An ** eulerian tour** is a closed eulerian trail.

An ** eulerian graph** is a graph that has an eulerian tour.

Späziergang - a walk around town usually on Sunday afternoon.

Kneiphoff - the island in the Pregel River in Königsberg.

**Theorem** (Euler, 1736): A graph G has an eulerian tour if and only if G is connected
up to isolated vertices and every vertex of G has even degree.

**Theorem** (Euler): A graph G has an open eulerian trail if and only if G is connected up to isolated
vertices and the number of vertices of odd degree is 2.

**Examples:** 0110 is a (2,2)-deBruijn sequence, 01110100 is a (2,3)-deBruijn sequence.

A ** (2,n)-deBruijn digraph** D

**Proposition 6.2.1:** The (2,n)-deBruijn digraph D_{2,n} is eulerian.

The sequence of leftmost bits on the arc labels of any eulerian tour of the (2,n)-deBruijn digraph is a (2,n)-deBruijn sequence.

**Postman Tours**

**Street Sweeping**

A ** hamiltonian graph** is a graph that has a hamiltonian cycle.

Sir William Rowan Hamilton (1805-1865) and the Icosian Game.

Determining whether or not a graph is hamiltonian is an NP-complete problem.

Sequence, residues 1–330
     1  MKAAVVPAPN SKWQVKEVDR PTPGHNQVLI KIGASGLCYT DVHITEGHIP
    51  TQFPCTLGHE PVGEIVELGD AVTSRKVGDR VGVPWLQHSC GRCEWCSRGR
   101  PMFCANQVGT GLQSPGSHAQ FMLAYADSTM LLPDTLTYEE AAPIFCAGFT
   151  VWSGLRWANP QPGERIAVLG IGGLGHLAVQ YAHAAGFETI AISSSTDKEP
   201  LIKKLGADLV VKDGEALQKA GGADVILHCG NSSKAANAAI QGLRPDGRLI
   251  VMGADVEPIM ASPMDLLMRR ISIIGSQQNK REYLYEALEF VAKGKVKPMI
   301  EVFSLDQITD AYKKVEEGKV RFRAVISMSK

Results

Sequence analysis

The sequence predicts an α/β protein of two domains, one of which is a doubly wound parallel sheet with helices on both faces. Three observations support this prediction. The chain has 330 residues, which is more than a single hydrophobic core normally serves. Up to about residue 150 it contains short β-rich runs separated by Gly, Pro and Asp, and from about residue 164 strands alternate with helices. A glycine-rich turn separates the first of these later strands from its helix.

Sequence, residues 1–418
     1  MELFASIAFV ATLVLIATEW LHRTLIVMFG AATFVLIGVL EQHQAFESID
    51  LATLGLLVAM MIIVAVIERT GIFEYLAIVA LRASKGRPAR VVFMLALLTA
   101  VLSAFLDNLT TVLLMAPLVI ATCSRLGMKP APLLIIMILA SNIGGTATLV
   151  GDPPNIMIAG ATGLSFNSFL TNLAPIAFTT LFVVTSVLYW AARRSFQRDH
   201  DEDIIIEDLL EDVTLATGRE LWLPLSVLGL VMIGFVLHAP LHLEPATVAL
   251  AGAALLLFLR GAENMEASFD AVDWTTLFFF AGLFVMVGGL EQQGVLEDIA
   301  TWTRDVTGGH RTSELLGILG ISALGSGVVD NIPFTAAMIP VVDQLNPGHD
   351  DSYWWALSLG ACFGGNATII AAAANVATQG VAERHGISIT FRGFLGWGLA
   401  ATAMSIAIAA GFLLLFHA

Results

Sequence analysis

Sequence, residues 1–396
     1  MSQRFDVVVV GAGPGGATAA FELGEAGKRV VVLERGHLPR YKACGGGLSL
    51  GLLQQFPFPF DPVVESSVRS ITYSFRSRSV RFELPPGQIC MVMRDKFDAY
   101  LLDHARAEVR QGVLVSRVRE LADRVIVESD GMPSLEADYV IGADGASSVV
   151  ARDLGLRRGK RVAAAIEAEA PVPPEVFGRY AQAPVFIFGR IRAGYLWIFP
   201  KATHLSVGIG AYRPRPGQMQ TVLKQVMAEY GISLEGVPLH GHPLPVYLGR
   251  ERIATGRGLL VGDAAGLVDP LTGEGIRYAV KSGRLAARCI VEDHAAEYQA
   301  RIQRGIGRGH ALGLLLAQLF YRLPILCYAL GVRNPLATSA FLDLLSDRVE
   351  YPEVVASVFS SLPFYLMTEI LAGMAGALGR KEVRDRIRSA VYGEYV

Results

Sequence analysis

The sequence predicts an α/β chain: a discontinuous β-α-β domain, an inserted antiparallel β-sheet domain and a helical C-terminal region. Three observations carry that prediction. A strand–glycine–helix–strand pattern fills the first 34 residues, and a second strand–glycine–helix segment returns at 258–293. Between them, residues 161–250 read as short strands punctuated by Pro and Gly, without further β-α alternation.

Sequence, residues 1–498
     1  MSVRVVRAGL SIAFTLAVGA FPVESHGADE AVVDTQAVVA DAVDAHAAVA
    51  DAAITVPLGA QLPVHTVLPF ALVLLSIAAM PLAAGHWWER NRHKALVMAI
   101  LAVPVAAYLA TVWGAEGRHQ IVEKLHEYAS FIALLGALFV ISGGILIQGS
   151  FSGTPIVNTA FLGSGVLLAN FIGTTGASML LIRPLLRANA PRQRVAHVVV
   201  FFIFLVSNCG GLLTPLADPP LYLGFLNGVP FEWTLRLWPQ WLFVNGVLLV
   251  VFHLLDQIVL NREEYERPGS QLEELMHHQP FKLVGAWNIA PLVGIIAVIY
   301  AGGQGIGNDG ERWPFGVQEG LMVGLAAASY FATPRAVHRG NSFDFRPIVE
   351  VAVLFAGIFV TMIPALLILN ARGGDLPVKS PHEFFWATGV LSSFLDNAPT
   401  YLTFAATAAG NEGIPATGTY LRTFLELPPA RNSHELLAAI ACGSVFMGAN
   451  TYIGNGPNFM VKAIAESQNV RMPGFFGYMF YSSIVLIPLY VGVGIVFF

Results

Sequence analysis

**Theorem 6.3.1** (Ore, 1960): Let G be a simple n-vertex graph, where n3, such that deg(x) + deg(y)n for each pair of non-adjacent vertices x and y. Then G is hamiltonian.

Ore's theorem gives a sufficient, but not necessary condition for a graph to be hamiltonian. Consider a cyclic graph with 5 or more vertices.

**Corollary 6.3.2** (Dirac, 1952): Let G be a simple n-vertex graph, where n3, such that deg(v)½n for each vertex v. Then G is hamiltonian.

Recall that the n-dimensional hypercube graph Q_{n} is the graph whose vertices are the length n bitstrings and two vertices are adjacent if and only if they differ in exactly one bit position. Therefore, a Gray code of order n corresponds to a hamiltonian cycle in Q_{n}.

**Theorem 6.4.1:** The n-dimensional hypercube Q_{n} is hamiltonian for all n2.

*Proof:* by induction.

Thus, Gray codes exist for all orders (n=1 is trivial, the rest can be obtained from Q_{n}).

Gray codes are useful in data transmission.

**Traveling Salesman Problem**

Given a graph having edge weights, the ** TSP** is to find a hamiltonian cycle with minimum edge weight sum. The graph can always be assumed to be a complete graph by adding missing edges to the given graph and assigning them extremely large weights.

The TSP is an NP-hard problem. To solve instances of it various heuristic methods have been developed. Two such are the nearest neighbor (greedy) algorithm and the doubling the tree algorithm.